View Poll Results: Would you buy an "Old School Carbon" boat?
I would buy a carbon lightweight Old School boat
40
61.54%
Nope..Glass and steps for me
5
7.69%
Nope...Carbon and steps for me
10
15.38%
Nope...Glass and Old School for me
10
15.38%
Voters: 65. You may not vote on this poll

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Would you buy an "Old School" carbon boat?

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Old 07-01-2005, 10:22 PM
  #41
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Default Re: Would you buy an "Old School" carbon boat?

Clayton at Kustom Colors did the paint on this boat and it is AWESOME.
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Old 07-01-2005, 10:29 PM
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Originally Posted by Dock Holiday
I have talked to several guys from the factory and I here that JUST the carbon fiber was close to $200K.

If that is true then this boat would not be a good value for the dollar.

Check out this 40 with triple 600's that we ran with in Jacksonville. They are in the upper 80's!

One VERY sweet ride.
If the "industry" were to go to carbon and composites as a whole the price would greatly come down.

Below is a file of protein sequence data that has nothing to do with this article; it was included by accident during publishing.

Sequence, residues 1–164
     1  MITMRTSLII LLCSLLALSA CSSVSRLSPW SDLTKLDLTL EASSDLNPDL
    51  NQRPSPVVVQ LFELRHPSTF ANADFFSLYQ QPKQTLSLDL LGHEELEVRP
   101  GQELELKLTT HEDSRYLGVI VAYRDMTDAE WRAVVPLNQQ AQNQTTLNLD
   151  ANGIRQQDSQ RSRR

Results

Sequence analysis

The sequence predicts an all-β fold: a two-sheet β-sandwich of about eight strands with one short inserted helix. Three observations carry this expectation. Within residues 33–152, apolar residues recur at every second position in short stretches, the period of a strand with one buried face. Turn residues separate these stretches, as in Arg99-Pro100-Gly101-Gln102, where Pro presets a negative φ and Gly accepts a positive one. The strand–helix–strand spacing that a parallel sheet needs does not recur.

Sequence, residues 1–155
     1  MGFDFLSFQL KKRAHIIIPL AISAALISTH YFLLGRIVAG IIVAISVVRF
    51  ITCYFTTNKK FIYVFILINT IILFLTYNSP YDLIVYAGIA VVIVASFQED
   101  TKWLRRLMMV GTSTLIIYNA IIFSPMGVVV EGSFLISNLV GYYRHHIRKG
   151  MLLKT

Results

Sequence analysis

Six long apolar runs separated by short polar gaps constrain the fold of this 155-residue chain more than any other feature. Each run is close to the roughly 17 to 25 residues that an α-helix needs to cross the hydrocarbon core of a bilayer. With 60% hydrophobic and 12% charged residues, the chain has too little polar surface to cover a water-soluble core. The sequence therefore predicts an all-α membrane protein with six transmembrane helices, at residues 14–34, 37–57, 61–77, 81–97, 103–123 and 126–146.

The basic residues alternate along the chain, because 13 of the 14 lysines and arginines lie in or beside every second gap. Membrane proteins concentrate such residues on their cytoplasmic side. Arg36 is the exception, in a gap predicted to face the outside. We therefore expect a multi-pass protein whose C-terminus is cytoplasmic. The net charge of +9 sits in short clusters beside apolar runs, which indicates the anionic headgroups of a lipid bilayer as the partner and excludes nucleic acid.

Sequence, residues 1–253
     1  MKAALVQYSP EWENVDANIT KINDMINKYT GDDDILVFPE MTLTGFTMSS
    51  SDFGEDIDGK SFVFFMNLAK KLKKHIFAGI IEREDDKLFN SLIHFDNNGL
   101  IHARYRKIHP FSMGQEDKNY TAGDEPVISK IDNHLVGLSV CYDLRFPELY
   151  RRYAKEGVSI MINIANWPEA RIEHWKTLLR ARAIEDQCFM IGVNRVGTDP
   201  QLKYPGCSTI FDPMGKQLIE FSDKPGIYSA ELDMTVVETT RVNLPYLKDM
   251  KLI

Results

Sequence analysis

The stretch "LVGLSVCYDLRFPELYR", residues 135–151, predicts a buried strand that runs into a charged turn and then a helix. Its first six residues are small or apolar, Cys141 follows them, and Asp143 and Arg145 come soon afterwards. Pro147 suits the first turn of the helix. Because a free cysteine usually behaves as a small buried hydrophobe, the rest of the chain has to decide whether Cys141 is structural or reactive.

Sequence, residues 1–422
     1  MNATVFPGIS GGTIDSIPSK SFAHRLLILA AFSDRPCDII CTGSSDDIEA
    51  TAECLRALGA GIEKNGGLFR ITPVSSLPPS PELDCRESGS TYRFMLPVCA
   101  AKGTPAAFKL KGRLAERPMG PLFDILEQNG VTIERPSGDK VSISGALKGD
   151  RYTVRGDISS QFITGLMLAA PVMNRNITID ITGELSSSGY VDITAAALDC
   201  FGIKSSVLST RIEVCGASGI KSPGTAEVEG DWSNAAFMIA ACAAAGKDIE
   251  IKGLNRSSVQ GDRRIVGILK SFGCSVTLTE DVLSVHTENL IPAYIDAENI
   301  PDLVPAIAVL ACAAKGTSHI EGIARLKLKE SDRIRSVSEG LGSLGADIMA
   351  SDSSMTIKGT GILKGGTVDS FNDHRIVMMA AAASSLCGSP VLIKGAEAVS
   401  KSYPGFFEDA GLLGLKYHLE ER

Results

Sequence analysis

Radical hull designs are cheap in terms of $$/mph but costly in terms of sacrificing that Old School "look and feel" and then the edge you loose in turns.

You have to concede when you buy a stepped hull boat you have a straight-line boat. Some companies's design are more radical than others.

I hope the industry puts more efforts into lighter hulls and ditches steps..a pad maybe...but New Old School for me
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Old 07-01-2005, 10:31 PM
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Quote:
Originally Posted by Dock Holiday
Clayton at Kustom Colors did the paint on this boat and it is AWESOME.

Wonderful paint job...interesting that Baja is paving the way.
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Old 07-01-2005, 11:15 PM
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Default Re: Would you buy an "Old School" carbon boat?

You can pop your 'old-school' hull from Space Shuttle composites, possibly making up for weight in 'adverse' conditions with some sort of dynamic, on-the-fly ballast system, . . . but that VERY SAME hull will be faster with steps. . . .
Some 'old-schoolers' will be happy to get 90mph from their 600's. The rest will want the 100mph from the same power with steps.

Just simple hydrodynamics . . . wetted surface is a b:tch . . .

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Old 07-01-2005, 11:42 PM
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Default Re: Would you buy an "Old School" carbon boat?

Kevlar and carbon are not all that new but still very costly. Look what OL gets for their boats. Epoxy has played a large part is strength and weight loss but you gota pay. same with the hy tech core materials. I remember race scraabs in the late 70s made with kevlar49.
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Old 07-02-2005, 11:12 AM